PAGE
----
Who has the best NFL defense in 2023? Our weekly NFL defense rankings examine every unit across the league on a weekly basis to determine the best defenses in the NFL.
The NFL playoffs have arrived and the proverbial saying that defense wins championships feels especially prevalent right now. Look at the latest Super Bowl odds. We’ve also seen plenty of instances over the past few years where key defensive stops or a huge takeaway created by a star player decides which team hoists the Lombardi Trophy.
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Let’s dive into the NFL defense rankings for the playoffs, evaluating all 14 teams and previewing NFL Wild Card Weekend.
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14. Minnesota Vikings
The Minnesota Vikings have the worst defense in the NFL playoffs. It’s great to have a dangerous pass-rushing tandem like Danielle Hunter and Za’Darius Smith, especially with defensive tackle Dalvin Tomlinson in the middle. Yet, Minnesota entered the regular-season finale ranked 29th in ESPN’s pass-rush win rate (34%) with the 10th worst pressure rate (19.7%) in the NFL.
Minnesota’s secondary gets picked apart when it can’t collapse the pocket and that is a recurring issue. From Weeks 10-17, opponents averaged 289.9 passing yards per game with 7.7 yards per pass attempt. The numbers are even worse in the last four games, with a 98.2 QB rating allowed and a 6-1 TD-INT ratio. As for Minnesota’s ability to stop opponents on the ground, it allowed 148.5 rush ypg and 4.7 yards per carry (Weeks 14-17). If the Vikings are one-and-done in the NFL playoffs, the defense will be a big reason why.
13. Seattle Seahawks
It’s difficult to imagine a worse matchup for the Seattle Seahawks. Not only is Christian McCaffrey the best running back in the NFL, but he’s also playing in the perfect system for ball carriers and running behind an outstanding offensive line. He’ll be facing a Seahawks defense that allowed over 150 rushing yards per game with 20 rushing touchdowns and 4.8 yards per carry through its first six games.
If all of that isn’t enough to tell you why this ends badly for Seattle, it finished with the ninth-most missed tackles in the NFL and now faces a group of skill players who thrive in YAC situations and know how to avoid defenders in open space. This is a bad defense and Kyle Shanahan will make sure everyone knows it.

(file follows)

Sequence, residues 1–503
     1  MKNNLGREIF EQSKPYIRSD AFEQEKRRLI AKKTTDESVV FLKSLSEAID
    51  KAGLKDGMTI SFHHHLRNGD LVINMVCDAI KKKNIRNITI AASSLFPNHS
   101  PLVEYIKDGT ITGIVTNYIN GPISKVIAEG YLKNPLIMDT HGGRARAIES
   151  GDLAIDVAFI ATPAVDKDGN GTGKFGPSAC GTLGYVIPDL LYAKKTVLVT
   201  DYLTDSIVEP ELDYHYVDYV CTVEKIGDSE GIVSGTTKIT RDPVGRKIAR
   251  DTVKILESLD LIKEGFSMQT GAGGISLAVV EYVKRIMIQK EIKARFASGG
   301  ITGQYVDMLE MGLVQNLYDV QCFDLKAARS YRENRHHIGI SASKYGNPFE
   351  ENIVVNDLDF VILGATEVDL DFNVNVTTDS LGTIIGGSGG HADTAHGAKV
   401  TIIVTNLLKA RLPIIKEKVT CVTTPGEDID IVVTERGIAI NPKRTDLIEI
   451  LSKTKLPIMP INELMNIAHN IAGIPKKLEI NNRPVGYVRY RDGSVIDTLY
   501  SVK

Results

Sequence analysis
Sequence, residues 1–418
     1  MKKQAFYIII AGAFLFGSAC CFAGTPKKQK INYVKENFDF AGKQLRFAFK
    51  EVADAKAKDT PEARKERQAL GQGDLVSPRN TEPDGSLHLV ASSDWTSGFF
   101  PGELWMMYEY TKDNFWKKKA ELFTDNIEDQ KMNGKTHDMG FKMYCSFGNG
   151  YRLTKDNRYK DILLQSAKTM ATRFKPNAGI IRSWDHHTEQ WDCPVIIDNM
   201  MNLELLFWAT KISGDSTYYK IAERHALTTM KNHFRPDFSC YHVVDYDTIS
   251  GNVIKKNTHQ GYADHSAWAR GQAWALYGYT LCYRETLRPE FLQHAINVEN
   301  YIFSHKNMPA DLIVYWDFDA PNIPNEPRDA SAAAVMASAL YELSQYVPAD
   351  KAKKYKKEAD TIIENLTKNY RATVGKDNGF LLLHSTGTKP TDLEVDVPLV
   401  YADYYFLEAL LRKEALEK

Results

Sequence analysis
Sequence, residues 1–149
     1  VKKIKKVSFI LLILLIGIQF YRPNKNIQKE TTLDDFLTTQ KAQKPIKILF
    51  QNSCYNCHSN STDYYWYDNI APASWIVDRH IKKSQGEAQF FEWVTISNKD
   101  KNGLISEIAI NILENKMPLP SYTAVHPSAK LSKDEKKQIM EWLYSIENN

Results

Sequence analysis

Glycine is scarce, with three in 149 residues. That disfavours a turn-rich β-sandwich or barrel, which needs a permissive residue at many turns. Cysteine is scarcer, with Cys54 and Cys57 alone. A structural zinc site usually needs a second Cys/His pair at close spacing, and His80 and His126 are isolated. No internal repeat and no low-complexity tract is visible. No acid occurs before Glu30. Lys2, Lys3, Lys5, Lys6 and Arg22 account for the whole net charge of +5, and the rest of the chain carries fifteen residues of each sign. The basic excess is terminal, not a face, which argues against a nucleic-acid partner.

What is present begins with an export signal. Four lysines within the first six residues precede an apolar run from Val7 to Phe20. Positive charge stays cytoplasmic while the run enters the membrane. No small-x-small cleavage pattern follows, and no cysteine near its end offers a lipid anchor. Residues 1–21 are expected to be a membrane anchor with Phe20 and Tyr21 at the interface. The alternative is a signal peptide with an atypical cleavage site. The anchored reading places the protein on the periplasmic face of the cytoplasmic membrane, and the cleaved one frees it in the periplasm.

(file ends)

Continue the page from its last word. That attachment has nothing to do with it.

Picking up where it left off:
12. Jacksonville Jaguars
The Jacksonville Jaguars defense clinched the AFC South in Week 18 with a dominant second-half performance. It captured some of the peaks we’ve seen from this unit, especially late in the season. Over its final five games, Jacksonville’s pass rush stepped its game up and the young secondary started making more plays. It all translated into a more effective defense, leading to more takeaways and third-down stops.
- Jacksonville Jaguars defensive stats (Week 14-18): 81.2 QB rating allowed, 16 sacks, 6-% TD-INT, 197.8 pass ypg, 35.6% third-down conversion rate, 4.2 ypc allowed
Naturally, we are hesitant to go too far with our forecast for this unit. Youth is great long-term for the franchise, but it can lead to a lot more mistakes that great quarterbacks will exploit in the playoffs. Jacksonville ranked 17th in yards per play allowed (5.4), with the fifth-highest conversion rate on third down (43.2%) allowed this season and opponents scored touchdowns on 59.6% of red-zone trips. Facing an elite quarterback in the Wild Card Game, this could bite the Jaguars.
11. New York Giants
There are reasons to like the New York Giants defense. Kayvon Thibodeaux is emerging as one of the next defensive stars in the NFL, responsible for 21 pressures, 10 quarterback hits, six tackles for loss and three sacks from Weeks 12-17. Dexter Lawrence (63 pressures, 38 stops, 17% pass-rush win rate) is also playing like a first-team All-Pro selection this season.
However, New York’s secondary is a weakness and aggressive play-calling by defensive coordinator Don “Wink” Martindale can only cover up for so much. The Giants blitzed more than any team in the NFL (38.9%) this season, a strategy to limit how often quarterbacks targeted their cornerbacks. While blitzing Kirk Cousins is key – fourth-worst QB rating vs blitz (85.0) and fourth-lowest completion rate (56.5%) vs blitz – it risks leaving Justin Jefferson torching New York.
10. Miami Dolphins
The Miami Dolphins defense has put fans on a rollercoaster ride this season. It allowed a 100.6 QB rating, 7.4 ypa and 15 passing touchdowns in its first nine regular-season games this season. As Bradley Chubb settled in, the pass-rushing quarter of Chubb, Melvin Ingram, Jaelan Phillips and Christian Wilkins started creating havoc. With that pressure came a dominant three-game stretch.